I'm a big fan of eggs, but I have to say that they're among the scariest of foods when it comes to handling. One misstep, and it's salmonella city, right?
It turns out that many of our fears about eggs actually may be baseless. For example, I was absolutely blown away to learn that eggs may not need to be refrigerated. Though some disagree, The Daily Mail commissioned a scientific study and found that keeping eggs at room temperature is perfectly fine. They studied two batches of eggs over two weeks -- one refrigerated and one at room temperature -- and found "there was no difference whatsoever between the two batches. Both remained bacteria-free."
As stunned as I may be by this revelation, I don't think I'm brave enough to put my stomach on the line to test their findings, however. And it should be noted that the Incredible Egg Council recommends keeping eggs stored between 33 to 40 degrees Fahrenheit, and throwing out eggs that are left at room temperature after two hours. So their findings aren't universally accepted, but it's fascinating nonetheless that you might be able to keep eggs on your counter. Here are four other things that might make you less scared of eggs.
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Brown eggs are not healthier than white eggs
For some reason the brown ones look healthier and more virtuous, but it really only has to do with the breed of chicken who laid them. Brown eggs come from hens with red earlobes, and white eggs come from hens with white ones.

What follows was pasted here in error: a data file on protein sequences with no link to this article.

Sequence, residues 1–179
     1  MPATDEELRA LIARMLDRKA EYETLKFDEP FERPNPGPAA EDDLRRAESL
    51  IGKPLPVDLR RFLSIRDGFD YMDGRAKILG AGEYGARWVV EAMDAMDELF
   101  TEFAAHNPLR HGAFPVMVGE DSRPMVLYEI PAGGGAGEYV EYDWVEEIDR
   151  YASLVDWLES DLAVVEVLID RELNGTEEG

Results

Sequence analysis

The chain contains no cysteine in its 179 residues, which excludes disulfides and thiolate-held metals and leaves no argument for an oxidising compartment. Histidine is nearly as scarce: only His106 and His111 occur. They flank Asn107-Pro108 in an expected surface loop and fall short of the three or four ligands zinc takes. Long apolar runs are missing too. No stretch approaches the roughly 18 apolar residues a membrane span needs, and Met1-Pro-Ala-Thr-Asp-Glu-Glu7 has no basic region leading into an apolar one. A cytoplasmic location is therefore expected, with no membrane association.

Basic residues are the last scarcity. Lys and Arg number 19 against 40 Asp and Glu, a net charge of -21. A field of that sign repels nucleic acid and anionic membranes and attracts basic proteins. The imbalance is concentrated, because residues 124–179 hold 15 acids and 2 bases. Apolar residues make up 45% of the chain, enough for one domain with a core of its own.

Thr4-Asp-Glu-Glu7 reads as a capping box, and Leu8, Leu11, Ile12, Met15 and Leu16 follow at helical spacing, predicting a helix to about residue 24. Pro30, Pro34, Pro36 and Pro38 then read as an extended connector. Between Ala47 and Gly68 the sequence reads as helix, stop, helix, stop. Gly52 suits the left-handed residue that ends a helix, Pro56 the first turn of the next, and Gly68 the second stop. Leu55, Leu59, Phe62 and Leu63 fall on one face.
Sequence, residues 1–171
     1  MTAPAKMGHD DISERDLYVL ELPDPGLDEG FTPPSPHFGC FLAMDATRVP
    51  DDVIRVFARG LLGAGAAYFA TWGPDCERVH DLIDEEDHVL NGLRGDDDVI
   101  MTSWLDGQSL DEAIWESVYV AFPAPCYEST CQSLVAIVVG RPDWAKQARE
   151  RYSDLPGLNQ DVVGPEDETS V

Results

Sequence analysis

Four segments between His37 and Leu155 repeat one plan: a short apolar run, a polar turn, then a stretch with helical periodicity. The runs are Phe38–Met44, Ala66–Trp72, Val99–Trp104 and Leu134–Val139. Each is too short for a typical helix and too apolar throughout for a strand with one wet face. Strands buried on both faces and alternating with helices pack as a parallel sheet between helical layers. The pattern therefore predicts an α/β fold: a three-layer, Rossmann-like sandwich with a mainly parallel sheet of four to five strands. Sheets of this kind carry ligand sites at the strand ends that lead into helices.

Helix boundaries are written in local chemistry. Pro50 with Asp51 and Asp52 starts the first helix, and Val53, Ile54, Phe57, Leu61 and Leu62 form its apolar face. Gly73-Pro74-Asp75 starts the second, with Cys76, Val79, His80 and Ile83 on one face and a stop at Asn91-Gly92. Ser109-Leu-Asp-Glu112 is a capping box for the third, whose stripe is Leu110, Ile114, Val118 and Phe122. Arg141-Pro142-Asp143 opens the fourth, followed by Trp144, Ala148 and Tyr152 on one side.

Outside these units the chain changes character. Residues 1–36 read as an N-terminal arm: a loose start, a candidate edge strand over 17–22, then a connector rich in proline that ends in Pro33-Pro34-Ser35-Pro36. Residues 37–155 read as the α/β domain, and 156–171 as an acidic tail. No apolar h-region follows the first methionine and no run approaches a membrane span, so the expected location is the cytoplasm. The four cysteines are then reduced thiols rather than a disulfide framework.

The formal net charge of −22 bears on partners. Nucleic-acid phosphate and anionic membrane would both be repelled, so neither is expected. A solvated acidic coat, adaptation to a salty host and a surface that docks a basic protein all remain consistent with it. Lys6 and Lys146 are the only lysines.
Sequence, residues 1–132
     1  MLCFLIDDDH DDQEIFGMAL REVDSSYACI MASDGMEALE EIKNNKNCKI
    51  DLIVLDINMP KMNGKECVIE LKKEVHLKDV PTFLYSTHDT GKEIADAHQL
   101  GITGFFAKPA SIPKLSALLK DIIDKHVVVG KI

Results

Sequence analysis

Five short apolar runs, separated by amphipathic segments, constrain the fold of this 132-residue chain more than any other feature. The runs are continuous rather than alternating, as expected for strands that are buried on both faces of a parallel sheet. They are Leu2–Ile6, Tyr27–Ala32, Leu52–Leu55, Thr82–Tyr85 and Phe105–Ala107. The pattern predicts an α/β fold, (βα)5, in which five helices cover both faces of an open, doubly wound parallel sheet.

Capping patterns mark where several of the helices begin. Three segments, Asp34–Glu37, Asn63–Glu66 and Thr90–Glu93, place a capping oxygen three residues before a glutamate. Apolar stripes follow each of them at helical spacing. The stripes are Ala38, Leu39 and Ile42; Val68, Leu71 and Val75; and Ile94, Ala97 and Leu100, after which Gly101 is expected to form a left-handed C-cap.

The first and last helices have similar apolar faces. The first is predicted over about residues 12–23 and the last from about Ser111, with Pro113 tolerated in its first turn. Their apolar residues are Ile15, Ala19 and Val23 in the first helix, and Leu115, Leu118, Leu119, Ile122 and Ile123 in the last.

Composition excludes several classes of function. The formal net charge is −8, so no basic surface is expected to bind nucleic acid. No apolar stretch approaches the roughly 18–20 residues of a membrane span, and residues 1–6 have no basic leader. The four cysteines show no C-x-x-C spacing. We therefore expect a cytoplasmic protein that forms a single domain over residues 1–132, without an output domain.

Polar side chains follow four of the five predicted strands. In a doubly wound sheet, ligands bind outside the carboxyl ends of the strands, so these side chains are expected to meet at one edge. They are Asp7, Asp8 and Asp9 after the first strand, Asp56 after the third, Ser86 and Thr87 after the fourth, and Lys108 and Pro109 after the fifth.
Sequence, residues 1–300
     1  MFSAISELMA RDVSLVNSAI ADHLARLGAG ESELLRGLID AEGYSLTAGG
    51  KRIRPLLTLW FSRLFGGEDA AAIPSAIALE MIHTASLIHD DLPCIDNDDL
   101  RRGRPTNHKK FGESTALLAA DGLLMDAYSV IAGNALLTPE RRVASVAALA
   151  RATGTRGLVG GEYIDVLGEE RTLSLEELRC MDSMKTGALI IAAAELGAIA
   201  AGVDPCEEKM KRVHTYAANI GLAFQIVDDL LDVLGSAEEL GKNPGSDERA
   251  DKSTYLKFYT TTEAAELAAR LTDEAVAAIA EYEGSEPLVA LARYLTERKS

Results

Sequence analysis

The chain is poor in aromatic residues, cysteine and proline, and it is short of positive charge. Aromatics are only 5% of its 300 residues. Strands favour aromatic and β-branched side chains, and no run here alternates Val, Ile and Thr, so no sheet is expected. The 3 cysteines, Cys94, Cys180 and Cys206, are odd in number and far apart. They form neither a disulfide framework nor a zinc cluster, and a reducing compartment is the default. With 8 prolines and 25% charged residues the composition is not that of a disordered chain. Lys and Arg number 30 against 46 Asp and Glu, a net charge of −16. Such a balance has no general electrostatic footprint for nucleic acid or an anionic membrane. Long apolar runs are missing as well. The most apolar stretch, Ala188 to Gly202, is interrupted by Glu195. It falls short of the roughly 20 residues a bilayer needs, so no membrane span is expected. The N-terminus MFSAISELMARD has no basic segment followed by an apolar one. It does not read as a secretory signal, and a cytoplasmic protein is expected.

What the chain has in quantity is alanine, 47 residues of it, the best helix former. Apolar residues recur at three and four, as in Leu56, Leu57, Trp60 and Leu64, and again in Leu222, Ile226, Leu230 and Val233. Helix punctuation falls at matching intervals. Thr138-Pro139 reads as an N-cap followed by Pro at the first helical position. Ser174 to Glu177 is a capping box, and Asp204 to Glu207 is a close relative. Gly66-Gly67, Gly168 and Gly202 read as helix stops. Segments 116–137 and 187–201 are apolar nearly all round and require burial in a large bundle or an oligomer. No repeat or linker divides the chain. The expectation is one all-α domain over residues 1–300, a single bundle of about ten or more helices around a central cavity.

Green egg yolks are okay to eat
Sam I Am didn't think he liked green eggs, and neither do most people when they crack open a hard-boiled egg and see an unappetizing green yolk there. They're actually fine to eat though. It just comes from overheating the egg, and you can prevent it from happening by running cold water over the hot eggs as soon as they're finished cooking.
Bloody eggs are okay too
I've always thrown out eggs at the sight of any blood and probably always will. But you don't have to. According to the Egg Safety Council, those spots and streaks are just caused by a rupture of a blood vessel on the surface of the yolk. They pose no health risk at all.
Eggs keep longer than you think
As soon as that expiration date on the carton nears, I toss the eggs, but I may be wasting a lot of money that way. The date is typically the sell-by date, and according to the USDA eggs are safe for five weeks after that date, perhaps even longer.
Are you surprised to learn these things about eggs?
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